Immune complexes consisting of rabbit antibody to bovine serum albumin (BSA) have been made up at 1×, 3×, 6×, 8×, and 20× antigen equivalence. The complement fixing activity of these complexes is inversely proportional to the amount of antigen present in the complexes, and, as expected, solubility of the complexes progressively increases with increasing amounts of antigen. The ability of these complexes to induce acute pulmonary injury and inflammatory responses has been quantitatively assessed. Complexes preformed at antigen equivalence are the most damaging to lung, correlating with their complement fixing activity. When the antigen concentration in the complexes is increased 3 to 6 times beyond the point of equivalence, the phlogistic activity of the complexes drops off rapidly, as demonstrated by a sharp decline in the changes in vascular permeability, hemorrhage, and morphologic evidence of inflammation. These studies provide the first evidence that changing the physicochemical parameters of preformed immune complexes by simply altering the ratio of antigen to antibody can dramatically alter the phlogistic properties of immune complexes for pulmonary tissue.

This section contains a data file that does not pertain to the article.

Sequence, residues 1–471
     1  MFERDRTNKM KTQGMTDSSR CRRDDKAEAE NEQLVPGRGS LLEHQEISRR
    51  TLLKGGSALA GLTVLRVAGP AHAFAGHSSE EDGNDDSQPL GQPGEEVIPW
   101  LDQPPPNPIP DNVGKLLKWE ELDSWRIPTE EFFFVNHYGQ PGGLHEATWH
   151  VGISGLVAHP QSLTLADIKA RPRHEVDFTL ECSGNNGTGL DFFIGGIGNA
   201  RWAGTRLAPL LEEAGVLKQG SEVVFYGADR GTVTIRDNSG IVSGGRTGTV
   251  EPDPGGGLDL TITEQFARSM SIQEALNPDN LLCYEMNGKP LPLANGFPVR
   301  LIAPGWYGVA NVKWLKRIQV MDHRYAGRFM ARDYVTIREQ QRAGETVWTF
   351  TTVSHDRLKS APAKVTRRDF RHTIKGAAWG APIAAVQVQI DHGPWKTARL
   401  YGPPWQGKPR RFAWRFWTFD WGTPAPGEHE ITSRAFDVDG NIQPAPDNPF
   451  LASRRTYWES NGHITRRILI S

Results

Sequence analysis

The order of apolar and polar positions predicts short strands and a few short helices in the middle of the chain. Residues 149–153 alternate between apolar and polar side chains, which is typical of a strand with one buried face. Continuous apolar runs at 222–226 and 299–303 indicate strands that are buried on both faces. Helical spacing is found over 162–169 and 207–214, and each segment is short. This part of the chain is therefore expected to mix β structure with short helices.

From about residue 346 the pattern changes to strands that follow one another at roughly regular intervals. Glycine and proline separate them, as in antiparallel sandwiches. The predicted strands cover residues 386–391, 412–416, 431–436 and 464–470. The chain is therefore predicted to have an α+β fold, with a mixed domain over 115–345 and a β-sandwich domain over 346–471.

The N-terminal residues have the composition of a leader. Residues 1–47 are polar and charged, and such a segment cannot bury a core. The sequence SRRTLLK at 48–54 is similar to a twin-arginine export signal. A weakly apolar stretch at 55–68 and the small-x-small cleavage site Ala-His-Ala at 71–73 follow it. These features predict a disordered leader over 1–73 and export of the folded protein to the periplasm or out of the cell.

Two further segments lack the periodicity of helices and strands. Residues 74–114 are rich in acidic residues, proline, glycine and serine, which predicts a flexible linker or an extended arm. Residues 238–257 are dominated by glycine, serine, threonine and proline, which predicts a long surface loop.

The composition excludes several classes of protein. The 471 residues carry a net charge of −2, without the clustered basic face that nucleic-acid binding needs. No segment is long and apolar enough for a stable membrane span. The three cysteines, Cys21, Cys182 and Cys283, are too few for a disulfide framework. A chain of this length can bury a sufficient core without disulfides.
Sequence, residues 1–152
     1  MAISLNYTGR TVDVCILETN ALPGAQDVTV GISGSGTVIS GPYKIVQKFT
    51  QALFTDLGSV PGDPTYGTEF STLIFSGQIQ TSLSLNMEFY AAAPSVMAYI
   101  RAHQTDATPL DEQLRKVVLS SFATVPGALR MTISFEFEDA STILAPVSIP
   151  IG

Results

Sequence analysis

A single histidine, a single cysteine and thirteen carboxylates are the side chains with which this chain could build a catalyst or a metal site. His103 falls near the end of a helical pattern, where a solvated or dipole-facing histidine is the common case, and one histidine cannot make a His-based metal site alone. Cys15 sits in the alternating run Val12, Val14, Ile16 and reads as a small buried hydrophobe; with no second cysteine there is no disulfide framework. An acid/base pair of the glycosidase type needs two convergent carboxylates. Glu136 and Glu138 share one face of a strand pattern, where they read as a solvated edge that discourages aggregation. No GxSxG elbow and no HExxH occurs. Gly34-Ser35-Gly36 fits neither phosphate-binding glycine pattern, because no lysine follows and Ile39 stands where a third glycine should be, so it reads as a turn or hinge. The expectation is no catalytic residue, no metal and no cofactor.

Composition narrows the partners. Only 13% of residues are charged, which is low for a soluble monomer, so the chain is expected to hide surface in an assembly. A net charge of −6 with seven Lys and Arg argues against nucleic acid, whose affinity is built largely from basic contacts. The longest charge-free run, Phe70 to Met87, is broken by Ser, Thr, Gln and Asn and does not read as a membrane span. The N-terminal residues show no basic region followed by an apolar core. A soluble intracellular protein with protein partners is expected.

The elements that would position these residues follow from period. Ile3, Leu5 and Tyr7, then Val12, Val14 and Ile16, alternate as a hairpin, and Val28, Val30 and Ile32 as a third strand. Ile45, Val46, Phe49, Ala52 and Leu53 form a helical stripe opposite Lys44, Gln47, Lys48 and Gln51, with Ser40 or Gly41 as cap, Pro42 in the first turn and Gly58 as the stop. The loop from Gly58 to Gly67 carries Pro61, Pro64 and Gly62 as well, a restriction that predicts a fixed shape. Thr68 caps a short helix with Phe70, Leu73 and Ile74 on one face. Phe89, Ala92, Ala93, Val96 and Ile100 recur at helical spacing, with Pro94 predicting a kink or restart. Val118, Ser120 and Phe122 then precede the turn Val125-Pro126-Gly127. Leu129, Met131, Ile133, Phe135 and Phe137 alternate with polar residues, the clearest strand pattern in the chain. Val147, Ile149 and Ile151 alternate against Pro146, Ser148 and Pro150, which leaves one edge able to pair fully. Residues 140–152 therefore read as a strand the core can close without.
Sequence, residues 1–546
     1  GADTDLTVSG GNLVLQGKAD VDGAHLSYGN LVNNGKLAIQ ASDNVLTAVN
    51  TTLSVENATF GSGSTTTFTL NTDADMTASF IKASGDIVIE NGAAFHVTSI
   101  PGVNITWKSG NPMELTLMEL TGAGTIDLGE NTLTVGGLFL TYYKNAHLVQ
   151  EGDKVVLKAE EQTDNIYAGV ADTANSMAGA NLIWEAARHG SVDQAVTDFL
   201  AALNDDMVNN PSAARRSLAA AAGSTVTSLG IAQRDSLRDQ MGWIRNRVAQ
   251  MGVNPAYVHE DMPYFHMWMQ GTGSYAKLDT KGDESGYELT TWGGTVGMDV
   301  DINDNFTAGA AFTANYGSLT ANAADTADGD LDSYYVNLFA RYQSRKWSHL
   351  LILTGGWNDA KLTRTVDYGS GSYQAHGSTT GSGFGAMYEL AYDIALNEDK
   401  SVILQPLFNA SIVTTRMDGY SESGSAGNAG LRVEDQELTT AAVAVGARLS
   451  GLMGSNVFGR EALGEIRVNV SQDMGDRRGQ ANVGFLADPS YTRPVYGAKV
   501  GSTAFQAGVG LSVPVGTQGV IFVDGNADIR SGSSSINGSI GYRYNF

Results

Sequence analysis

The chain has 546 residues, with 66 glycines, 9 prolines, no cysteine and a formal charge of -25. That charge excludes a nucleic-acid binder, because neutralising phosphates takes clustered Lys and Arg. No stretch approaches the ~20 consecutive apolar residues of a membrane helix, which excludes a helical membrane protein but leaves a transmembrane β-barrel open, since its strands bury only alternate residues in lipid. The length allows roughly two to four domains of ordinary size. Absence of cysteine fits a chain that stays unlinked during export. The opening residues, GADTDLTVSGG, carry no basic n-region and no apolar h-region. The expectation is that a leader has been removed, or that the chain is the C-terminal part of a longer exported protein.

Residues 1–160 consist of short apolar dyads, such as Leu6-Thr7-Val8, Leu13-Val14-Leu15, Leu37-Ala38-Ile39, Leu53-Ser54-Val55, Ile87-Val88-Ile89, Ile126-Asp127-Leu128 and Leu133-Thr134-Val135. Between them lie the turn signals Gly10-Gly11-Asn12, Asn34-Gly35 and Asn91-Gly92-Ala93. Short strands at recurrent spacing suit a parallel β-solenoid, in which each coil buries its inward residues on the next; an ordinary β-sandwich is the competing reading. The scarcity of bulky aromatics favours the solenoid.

This work was supported in part by National Institutes of Health Grants AI09651 and AI13910.

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